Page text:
India police fire water cannon at gang-rape protesters

Supporters of Bharatiya Janata Party (BJP) shout slogans as police use a water cannon to stop them from moving towards the office of Akhilesh Yadav, the chief minister of the northern Indian state of Uttar Pradesh, during a protest against recent rap
Supporters of Bharatiya Janata Party (BJP) shout slogans as police use a water cannon to stop them from moving towards the office of Akhilesh Yadav, the chief minister of the northern Indian state of Uttar Pradesh, during a protest against recent rape and hanging of two girls, in Lucknow. Three men were arrested for the crime in Uttar Pradesh that underscored the enduring culture of sexual assault in India and the capacity for appalling violence between Hindu castes. Two policemen were held on suspicion of attempting to cover up the killings. -- PHOTO: REUTERS

NEW DELHI (AFP) - Indian police fired water cannon on Monday at a group of mainly women protesting against the gang-rape and lynching of two girls in the country's north, television footage showed.

Several hundred protesters were demanding an end to violence against women at the protest outside the office of the chief minister of the state of Uttar Pradesh, where the gang-rapes occurred.

"We're not going to sleep, we'll be here, they have to stop this (violence against women)," one protester told the NDTV network during the demonstration in the city of Lucknow.

"We're going to stay here, we're not going to give up," one middle-aged man said before the crowd was drenched by riot police.

The two cousins, aged 14 and 12, were found hanging from a mango tree in their impoverished village last Wednesday morning, with subsequent tests showing they had been the victim of multiple sexual assaults.

The girls had apparently gone into the fields on Tuesday night to relieve themselves because their home, like most in the state's Badaun district, did not have toilets.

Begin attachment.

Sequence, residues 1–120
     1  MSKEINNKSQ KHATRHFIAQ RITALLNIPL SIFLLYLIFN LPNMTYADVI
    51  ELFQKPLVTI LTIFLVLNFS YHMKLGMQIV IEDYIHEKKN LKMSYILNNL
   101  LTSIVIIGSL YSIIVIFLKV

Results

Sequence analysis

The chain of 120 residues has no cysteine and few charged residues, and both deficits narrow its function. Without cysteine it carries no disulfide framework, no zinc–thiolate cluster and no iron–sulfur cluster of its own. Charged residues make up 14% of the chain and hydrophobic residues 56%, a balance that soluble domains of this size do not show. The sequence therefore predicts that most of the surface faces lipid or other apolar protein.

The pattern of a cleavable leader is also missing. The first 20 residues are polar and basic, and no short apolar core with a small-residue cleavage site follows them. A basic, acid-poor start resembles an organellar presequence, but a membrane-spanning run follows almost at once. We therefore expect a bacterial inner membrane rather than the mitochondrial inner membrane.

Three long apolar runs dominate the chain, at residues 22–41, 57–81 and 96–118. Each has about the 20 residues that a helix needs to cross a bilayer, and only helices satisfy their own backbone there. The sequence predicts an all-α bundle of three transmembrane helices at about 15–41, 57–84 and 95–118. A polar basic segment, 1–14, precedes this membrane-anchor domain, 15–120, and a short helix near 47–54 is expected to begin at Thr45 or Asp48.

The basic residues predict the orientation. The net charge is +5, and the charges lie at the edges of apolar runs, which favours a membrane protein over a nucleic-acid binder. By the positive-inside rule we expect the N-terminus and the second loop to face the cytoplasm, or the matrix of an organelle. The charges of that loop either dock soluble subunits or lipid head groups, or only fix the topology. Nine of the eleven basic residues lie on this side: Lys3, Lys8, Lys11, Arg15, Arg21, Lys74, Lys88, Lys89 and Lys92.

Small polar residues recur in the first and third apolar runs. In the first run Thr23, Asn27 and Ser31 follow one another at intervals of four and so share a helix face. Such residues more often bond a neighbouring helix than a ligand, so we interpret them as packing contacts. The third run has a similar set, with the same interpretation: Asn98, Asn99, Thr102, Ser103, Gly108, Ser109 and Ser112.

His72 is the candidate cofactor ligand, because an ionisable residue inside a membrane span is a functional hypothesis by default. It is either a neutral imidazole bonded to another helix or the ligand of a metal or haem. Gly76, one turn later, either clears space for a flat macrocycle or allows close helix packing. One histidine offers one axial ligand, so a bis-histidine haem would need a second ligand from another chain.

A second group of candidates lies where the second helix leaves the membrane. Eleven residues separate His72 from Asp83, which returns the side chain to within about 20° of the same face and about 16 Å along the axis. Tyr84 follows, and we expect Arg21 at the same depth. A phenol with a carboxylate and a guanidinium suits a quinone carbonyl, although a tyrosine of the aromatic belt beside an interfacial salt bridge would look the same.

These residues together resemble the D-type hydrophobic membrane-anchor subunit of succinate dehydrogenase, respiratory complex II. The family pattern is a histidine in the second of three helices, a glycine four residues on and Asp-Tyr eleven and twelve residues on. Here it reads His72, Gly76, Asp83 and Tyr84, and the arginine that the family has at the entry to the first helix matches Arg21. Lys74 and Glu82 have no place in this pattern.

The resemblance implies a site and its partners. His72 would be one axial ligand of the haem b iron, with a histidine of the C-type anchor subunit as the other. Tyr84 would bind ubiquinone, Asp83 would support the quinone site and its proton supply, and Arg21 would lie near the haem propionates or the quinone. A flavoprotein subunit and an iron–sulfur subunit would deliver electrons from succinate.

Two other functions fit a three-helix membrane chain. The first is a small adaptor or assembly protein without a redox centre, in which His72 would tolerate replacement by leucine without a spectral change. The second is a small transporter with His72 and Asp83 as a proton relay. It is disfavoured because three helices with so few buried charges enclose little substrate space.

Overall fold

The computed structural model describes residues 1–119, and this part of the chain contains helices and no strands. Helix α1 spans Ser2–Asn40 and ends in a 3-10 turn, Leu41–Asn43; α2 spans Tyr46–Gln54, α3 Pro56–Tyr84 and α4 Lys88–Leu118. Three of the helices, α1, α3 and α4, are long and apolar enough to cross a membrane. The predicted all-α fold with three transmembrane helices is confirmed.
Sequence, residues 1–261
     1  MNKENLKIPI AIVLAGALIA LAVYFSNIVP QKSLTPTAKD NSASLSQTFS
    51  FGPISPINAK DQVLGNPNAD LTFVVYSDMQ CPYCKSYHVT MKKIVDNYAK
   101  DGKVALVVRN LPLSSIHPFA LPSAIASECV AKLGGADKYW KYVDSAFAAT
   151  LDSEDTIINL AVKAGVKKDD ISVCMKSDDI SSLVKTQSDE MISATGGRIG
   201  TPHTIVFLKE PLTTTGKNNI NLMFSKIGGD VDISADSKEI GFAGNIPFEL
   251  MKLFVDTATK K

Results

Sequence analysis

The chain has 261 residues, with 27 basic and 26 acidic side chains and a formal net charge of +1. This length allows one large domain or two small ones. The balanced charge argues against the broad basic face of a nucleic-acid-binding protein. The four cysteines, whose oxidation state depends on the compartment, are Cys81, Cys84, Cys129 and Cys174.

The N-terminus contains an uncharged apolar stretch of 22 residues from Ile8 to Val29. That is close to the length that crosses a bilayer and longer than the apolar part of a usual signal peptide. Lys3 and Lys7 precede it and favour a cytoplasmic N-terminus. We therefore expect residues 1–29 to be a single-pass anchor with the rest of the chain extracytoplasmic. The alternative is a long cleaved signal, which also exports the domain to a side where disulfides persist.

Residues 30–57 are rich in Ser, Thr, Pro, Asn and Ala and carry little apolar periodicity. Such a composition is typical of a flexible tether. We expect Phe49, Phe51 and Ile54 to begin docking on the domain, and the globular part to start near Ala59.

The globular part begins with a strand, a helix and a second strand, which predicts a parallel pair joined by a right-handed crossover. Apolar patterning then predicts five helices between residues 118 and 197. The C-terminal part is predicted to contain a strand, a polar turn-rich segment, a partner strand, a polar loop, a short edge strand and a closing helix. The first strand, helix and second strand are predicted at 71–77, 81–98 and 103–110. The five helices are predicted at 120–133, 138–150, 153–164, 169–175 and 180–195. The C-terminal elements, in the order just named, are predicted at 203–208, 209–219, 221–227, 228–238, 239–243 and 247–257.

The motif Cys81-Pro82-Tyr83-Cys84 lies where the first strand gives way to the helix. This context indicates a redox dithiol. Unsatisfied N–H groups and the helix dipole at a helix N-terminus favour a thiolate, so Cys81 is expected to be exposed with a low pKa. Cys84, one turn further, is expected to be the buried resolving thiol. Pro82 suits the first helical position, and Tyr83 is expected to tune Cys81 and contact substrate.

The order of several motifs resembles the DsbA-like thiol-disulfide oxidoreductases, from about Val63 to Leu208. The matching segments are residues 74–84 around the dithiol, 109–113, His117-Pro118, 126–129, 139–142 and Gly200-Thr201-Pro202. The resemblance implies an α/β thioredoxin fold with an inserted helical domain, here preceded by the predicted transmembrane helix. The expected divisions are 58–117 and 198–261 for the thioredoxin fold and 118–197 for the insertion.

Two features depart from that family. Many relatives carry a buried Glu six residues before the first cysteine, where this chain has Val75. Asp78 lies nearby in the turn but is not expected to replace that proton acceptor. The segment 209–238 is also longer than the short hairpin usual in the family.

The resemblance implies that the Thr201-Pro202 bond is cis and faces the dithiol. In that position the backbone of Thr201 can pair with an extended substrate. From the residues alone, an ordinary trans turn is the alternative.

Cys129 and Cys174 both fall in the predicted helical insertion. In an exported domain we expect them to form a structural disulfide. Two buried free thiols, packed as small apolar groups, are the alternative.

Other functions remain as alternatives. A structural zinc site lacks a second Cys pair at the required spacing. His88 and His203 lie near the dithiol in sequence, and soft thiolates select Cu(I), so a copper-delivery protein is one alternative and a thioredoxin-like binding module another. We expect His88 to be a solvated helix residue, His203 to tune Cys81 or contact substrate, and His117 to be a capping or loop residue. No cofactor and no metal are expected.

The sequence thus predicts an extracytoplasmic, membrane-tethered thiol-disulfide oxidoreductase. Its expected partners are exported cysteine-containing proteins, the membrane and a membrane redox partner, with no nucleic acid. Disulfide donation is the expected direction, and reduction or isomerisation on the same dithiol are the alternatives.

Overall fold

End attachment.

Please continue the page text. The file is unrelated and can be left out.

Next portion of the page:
Outrage is growing over the attacks after the girls' fathers accused local police of refusing to help find those responsible because they belonged to a low caste.

India revised its laws on sex attacks in the wake of the December 2012 gang-rape of a student on a bus in New Delhi which triggered outrage, but they have done little to stem the tide of sex attacks.

Mass protests erupted in Delhi and elsewhere over that attack, which unleashed seething anger at India's treatment of women.

Rights activists and politicians said the latest cases showed authorities in Uttar Pradesh were "not serious" about tackling sexual crimes.

Asked at a press conference last week about the incidence of rapes in the state, Uttar Pradesh Chief Minister Akhilesh Yadav told a female reporter: "You haven't been harmed, have you? No, right? Great. Thank you."

The head of Uttar Pradesh's ruling party, Mulayam Singh Yadav, who is also the chief minister's father, sparked uproar during the recent election campaign when he said rapists should not receive the death penalty because "boys will be boys".

Police have arrested five people in connection with the attacks on the girls and a federal police investigation has been ordered.